The Malta Chamber in collaboration with Bank of Valletta plc organised a conference to discuss the current standing of the Maltese economy and where it should be aiming to go.
The Malta Chamber Deputy President Nick Xuereb highlighted the main pressure point the labour market is experiencing, the impact of inflation and interest rates, the importance of tax reforms, and the importance of pushing the boundaries. “We are in a permacrisis state, and we must act diligently and in a timely manner to navigate and mitigate the challenges that lie ahead,” he said.
Bank of Valletta plc (BOV) CEO Kenneth Farrugia emphasised the importance of sustainability and putting more weight on ESG in business and operational models, so that Malta remains competitive in attracting more foreign investment.
This came in his speech during a business seminar organised by The Malta Chamber of Commerce, Enterprise and Industry in collaboration with BOV, titled “The Maltese Economy: 2023 & Beyond”. During the seminar, various key stakeholders discussed the current state of the Maltese economy and gave interesting insights on the matter.
Mr Farrugia highlighted the importance of sustainability and ESG principles to support the country’s sustainability ambitions. “We noticed two extremes when meeting clients: those who have strategically embraced ESG in their business models, whilst others have a very limited understanding of sustainable development goals and ESG ambitions,” he said.
“Our collective contribution to economic growth should be driven by sustainable growth which in turn will strengthen the country’s value proposition making it more attractive for foreign direct investment, which is so important for Malta and Gozo,” he added.
Mr Farrugia also emphasised that very frequently, people are driven by the idea of “what is in it for me?” He remarked that such a limitation “needs to be extended to the important consideration of the way ESG will contribute to make Malta an attractive investment destination”. In that respect, he added that Malta experiences “multiple armchair critics” that are “completely devoid of constructive solutions”.
He explained that should the industry want to sustain the growth of Malta’s economy, it needs to “take charge of the required changes” as it is “easy to criticise”, but then a backseat is often taken “when it matters most”. Effectively greenifying the economy needs to be “financed and incentivised”, and Mr Farrugia noted that everyone has a role to play in this paradigm shift which is “so important for the country in its ambitions to ensure sustainable growth”.
He added that it comes as no coincidence that the social part (the ‘S’) comes in the middle of ESG, as “everything we do ultimately revolves around our society”.
The bank’s CEO also reaffirmed BOV’s position as a “catalyst in the local economy”, through its aim to “add value to society”. He explained that it does so as it believes that in this manner, it will “create value for the customers and our bank”. “We commit to remaining supportive of the Maltese economy, and we want to be a catalyst in the business community to actively contribute and support the required changes. Events like this are stimulating discussions and providing interesting insights but these need to be followed up and events like this should not end up simply being talking shops,” Mr Farrugia continued.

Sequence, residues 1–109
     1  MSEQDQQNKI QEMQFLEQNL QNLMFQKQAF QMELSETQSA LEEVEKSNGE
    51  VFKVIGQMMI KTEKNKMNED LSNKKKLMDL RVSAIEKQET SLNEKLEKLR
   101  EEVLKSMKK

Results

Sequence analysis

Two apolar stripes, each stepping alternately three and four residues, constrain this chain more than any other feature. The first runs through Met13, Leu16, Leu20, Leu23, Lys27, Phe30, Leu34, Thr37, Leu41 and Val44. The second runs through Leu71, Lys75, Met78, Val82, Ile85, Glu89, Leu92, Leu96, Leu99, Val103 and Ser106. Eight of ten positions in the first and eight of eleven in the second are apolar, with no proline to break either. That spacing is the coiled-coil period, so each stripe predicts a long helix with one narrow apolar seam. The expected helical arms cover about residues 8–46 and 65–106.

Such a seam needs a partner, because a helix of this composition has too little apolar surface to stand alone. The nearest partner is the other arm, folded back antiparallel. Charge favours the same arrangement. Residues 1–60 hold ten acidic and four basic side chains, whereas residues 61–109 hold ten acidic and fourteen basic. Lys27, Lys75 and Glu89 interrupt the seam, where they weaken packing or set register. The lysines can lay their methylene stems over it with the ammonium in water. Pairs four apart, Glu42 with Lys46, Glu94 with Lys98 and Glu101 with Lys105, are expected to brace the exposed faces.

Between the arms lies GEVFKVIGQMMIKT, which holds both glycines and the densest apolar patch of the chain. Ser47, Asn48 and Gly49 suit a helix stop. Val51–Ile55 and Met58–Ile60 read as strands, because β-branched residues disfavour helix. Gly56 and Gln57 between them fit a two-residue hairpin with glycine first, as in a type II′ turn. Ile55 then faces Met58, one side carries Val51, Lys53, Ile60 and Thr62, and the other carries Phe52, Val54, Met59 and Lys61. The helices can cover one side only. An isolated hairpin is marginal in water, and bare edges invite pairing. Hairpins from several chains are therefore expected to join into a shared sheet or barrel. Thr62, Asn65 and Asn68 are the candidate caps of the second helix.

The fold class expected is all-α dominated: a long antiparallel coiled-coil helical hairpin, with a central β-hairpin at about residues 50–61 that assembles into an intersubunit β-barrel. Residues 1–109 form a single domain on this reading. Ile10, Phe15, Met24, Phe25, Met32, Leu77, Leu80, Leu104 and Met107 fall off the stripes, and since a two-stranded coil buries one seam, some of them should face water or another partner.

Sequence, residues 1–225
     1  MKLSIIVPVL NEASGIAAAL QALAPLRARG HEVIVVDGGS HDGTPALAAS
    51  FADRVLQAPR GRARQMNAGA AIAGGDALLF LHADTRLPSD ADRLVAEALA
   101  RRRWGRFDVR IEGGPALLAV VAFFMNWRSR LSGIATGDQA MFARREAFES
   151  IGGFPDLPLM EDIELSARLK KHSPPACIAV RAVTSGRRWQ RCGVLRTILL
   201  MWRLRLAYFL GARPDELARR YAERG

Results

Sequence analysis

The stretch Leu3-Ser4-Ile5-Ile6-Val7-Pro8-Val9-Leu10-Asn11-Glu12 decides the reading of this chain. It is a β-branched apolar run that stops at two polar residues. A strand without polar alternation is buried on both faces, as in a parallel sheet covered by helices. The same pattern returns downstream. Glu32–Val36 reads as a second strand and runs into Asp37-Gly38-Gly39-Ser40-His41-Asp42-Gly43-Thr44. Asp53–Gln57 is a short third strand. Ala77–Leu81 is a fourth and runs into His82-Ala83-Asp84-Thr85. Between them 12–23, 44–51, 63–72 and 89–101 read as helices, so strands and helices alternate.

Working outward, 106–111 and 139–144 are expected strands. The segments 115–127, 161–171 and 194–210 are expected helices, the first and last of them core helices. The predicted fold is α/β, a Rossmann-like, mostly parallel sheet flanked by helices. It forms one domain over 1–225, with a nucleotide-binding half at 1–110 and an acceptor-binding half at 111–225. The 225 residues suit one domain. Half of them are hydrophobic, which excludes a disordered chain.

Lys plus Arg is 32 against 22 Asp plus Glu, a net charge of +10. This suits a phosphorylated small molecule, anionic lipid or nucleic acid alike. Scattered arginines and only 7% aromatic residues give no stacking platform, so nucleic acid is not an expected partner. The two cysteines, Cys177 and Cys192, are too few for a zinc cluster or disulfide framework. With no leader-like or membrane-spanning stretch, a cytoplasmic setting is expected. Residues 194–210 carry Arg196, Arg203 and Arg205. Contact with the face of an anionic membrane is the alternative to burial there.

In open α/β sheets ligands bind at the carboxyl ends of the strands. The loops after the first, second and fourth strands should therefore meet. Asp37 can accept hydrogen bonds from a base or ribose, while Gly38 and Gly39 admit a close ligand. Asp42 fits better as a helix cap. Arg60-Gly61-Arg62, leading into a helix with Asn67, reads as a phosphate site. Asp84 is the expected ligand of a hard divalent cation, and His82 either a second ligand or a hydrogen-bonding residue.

Failing to act on these events would risk the industry generating a number of useful suggestions that would not be followed up on and eventually end up being fizzled out. “As a bank, we have identified those sectors we feel are behind the curve regarding ESG, and we will be supporting these sectors to embed ESG principles in their business models and operations,” he said.
During a panel discussing the future of Malta’s economy, Kevin Rapinett, Member of The Malta Chamber Board of Management noted that “the numbers do not lie”.
“Considering the challenges of the past years, we did relatively well, however, several cracks can be seen. These cracks are unfortunately present because Malta has adopted a model over the past 10 years that is solely focused on the ‘increasing numbers’ of our economy leading to a myriad of unsustainable practices,” he explained. He also made reference to Minister of Finance Clyde Caruana’s recent call to revisit Malta’s economic model, describing it as a “timely one” since it will allow for “sustainable growth when looking towards the medium and long term”.
Silvan Mifsud, Council Member of The Malta Chamber, presented some of the topics and issues that The Malta Chamber 2024 Pre-Budget document will entail. He stressed the “urgent need” to revise the current trend of increasing productivity with numbers.
BOV Senior Manager in Data Insights and Economics Malcolm Bray was another speaker in the seminar, and he outlined the salient features and latest developments of Malta’s economy. He explained how during pre-pandemic years, Malta’s economic growth was higher than in the euro area and such a pattern is forecast to continue even in 2023 and 2024. He remarked how economic growth has tended to be “job-rich”, contributing to the significant increase in the share of foreign workers and to a pronounced expansion in the size of the population. After discussing a number of other topics, Mr Bray stated that stakeholder investment is “key to ensuring the right balance is achieved”.